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Luzerne County Head Start now has sensory room

The sensory room at the Luzerne County Head Start Beekman Street Center provides a peaceful escape from the classroom.
Haley O'Brien
The sensory room at the Luzerne County Head Start Beekman Street Center provides a peaceful escape from the classroom.

Glowing water tanks with bubbles and fish set the tone in the room.

It’s a calm environment designed for students at Luzerne County Head Start’s Beekman Street Center to use when they get overwhelmed.

“If a child is having some issues regulating themselves in the classroom, then one of the staff would be able to bring the child down,” said Amy Poperowitz, a family worker at the center in Wilkes-Barre.

“It’s providing safety for them, a place for them to relax, a place to not have the audience they would if they were in the classroom,” she added. “The child can come here, regulate themselves and then return back to the classroom.”

A group from the Leadership Northeast Core Class of 2024 known as the “Head Start Heroes” took on the project and raised the money to bring it to fruition.

“We wanted something that was going to have a lasting impact,” said Amy Hoyt from the group.

They met with an occupational therapist at Beyond Behavior Consulting and visited another sensory room to learn what elements to add.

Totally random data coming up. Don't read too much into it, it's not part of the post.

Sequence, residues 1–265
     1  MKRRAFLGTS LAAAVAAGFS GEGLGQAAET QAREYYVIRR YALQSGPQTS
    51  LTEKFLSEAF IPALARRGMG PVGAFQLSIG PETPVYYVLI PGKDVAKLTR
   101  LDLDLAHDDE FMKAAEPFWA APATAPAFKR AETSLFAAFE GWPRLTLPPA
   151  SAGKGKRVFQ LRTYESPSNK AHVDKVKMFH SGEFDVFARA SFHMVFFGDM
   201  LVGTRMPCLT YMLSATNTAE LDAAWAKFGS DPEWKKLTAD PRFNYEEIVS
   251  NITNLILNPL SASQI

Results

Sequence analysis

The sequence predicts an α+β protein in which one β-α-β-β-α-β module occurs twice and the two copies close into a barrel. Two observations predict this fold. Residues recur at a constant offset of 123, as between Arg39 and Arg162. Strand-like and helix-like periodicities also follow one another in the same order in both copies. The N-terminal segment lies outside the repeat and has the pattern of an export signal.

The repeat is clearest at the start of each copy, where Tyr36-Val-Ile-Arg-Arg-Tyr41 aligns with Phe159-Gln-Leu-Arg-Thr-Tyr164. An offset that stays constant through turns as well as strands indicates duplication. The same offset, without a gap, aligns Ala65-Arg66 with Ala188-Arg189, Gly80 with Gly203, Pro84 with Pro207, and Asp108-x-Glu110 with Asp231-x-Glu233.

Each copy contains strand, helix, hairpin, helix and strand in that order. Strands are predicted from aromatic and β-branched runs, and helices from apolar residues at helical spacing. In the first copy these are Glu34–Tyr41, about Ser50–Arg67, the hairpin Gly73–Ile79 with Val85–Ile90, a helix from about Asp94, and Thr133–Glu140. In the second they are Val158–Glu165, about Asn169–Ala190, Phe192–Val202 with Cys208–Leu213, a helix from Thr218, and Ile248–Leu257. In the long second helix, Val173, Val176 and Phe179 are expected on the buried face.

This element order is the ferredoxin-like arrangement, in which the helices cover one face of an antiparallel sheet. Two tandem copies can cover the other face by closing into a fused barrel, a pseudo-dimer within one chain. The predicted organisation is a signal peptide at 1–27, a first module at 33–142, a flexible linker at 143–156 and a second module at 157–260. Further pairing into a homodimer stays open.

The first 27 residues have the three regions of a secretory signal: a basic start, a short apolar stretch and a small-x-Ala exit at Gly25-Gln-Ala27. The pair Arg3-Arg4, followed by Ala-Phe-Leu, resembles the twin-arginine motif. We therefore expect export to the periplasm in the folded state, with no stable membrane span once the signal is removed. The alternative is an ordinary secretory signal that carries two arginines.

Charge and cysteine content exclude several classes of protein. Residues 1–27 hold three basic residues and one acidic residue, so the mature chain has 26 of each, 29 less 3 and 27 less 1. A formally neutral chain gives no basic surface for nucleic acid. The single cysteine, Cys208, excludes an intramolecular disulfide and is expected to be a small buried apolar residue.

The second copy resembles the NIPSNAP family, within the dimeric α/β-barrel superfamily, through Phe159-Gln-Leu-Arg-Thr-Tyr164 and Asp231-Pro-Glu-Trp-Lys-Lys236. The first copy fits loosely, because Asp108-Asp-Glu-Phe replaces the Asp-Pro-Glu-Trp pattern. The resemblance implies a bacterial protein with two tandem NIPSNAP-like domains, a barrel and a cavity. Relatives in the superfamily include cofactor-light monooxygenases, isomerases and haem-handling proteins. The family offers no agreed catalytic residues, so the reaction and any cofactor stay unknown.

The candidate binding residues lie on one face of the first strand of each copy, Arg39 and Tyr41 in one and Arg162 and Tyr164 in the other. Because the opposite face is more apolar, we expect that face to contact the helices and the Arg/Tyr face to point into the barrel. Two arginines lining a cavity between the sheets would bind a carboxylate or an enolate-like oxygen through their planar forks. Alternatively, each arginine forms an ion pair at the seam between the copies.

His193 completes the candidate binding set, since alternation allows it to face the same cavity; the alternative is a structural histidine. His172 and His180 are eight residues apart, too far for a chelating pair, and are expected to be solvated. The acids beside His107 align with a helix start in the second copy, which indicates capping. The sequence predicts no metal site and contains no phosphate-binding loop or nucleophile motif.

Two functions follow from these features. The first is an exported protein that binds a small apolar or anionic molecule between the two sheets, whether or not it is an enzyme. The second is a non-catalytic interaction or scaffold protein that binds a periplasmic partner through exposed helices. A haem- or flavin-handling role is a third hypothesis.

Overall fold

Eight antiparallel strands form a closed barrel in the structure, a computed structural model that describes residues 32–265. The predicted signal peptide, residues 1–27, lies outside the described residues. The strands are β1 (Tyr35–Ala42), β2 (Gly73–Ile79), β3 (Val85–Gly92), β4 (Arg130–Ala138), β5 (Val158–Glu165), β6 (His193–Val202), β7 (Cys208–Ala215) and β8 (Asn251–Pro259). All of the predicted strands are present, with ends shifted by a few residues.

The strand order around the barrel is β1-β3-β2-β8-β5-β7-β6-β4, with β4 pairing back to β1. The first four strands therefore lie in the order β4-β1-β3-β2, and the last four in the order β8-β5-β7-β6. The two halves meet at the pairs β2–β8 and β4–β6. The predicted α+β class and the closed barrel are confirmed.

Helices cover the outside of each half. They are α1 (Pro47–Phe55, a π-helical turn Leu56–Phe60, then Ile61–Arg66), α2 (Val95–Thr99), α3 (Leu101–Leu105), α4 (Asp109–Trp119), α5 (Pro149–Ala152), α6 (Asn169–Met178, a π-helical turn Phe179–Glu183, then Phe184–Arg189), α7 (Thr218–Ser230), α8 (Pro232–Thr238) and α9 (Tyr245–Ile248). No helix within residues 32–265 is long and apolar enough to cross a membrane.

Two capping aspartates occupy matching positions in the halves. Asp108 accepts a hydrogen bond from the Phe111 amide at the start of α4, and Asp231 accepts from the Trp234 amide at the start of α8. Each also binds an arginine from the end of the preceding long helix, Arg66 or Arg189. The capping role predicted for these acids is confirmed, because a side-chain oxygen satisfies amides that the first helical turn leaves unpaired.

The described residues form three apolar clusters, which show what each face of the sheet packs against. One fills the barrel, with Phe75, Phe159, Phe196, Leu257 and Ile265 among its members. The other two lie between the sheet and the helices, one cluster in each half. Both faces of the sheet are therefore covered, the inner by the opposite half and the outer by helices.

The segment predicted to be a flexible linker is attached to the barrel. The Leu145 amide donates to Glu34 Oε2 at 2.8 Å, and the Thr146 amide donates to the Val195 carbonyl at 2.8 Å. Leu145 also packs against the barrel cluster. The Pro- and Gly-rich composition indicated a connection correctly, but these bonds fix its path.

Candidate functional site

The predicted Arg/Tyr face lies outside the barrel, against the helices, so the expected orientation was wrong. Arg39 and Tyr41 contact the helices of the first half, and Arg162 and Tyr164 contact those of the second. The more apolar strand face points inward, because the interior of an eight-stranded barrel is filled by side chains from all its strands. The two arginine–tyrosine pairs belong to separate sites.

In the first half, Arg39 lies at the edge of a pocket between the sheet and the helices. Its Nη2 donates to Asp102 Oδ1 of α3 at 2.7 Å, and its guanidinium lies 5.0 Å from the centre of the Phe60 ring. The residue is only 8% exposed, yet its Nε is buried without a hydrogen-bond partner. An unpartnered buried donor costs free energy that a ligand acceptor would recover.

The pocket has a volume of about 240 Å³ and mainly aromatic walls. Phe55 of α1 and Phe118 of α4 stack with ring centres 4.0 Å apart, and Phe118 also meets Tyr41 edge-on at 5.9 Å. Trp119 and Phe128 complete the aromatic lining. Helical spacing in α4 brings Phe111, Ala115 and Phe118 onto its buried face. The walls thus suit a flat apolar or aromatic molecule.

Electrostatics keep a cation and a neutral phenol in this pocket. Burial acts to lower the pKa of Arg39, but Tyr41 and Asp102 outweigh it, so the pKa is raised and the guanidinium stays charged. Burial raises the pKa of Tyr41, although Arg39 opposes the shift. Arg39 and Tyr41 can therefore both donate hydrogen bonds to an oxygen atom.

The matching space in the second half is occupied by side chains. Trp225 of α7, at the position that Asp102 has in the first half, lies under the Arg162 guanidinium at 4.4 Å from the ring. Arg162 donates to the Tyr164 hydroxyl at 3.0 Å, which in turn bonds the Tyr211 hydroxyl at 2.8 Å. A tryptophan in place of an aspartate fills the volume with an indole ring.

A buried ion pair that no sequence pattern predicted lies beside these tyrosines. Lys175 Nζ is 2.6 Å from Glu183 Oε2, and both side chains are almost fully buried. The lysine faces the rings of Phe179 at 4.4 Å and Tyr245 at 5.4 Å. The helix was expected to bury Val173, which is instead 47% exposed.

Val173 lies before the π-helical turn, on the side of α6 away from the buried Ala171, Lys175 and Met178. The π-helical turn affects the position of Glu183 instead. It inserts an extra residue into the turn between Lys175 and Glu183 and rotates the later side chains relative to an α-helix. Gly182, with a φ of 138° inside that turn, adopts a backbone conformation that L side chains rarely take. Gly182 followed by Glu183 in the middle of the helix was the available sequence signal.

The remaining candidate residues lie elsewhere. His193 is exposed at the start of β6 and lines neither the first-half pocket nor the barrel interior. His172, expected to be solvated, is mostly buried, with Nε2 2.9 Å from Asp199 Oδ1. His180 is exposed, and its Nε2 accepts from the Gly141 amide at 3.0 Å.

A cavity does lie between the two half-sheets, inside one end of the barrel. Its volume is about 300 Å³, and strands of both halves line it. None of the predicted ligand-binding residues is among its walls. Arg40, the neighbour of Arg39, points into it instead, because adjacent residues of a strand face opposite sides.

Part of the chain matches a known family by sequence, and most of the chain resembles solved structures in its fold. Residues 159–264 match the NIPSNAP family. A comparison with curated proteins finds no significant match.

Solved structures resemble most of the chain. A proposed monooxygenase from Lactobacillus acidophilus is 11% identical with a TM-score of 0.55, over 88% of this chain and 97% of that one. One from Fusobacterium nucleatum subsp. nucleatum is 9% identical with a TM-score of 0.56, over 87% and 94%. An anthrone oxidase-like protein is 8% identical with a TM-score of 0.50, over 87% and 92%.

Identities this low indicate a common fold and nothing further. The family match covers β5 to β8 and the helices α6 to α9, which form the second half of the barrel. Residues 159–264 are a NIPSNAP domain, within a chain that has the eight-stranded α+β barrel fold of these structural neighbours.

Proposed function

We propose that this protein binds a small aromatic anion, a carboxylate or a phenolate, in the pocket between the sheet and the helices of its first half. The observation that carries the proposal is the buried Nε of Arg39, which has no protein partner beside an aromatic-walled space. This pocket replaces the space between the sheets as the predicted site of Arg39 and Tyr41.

Many of the toys in the room focus on the senses. There are squishy toys and a variety of textures on the walls.

Elizabeth Tula says she and her three-year-old Itzae were shown the room one day before going home.

“He was kind of a little frustrated when he got out of the classroom, when I picked him up,” she said. “So when we came here and Miss Amy showed us, he was all over the place, he went in the light with the sharks, he was playing over here with the shark and also he was touching the sensory things.”

The compression canoe has also been a hit.

“It gives children the feeling of compression which is a safe, healthy way to kind of provide physical stimulation to help calm nerves and ease emotions,” Hoyt said of the item. “Whether they’re sensory-seeking or on the autism spectrum, or neurotypical children who just are overwhelmed and frustrated, the same as a hug feels comforting, that compression feels comforting as well.”

The room also has children's books about emotion and crash pads for relaxation. The group raised $5,000 for the project and received even more donations through an Amazon Wishlist.

Most classes at Luzerne County Head Start have about 16 students and two or three staff members. The new sensory room will allow a child to enter a quiet space with one-on-one supervision.

“You don't know what the kids are coming in with, what they're bringing in with them from what happened the night before or what happened in the morning,” Poperowitz said. “So this is good space for them to come and get everything out that they need to get out, and then be able to get back into their regular day.”

Haley joined the WVIA news team in 2023 as a reporter and host. She grew up in Scranton and studied Broadcast Journalism at Marywood University. Haley has experience reporting in Northeast Pennsylvania and the Lehigh Valley. She enjoys reporting on Pennsylvania history and culture, and video storytelling.

You can email Haley at haleyobrien@wvia.org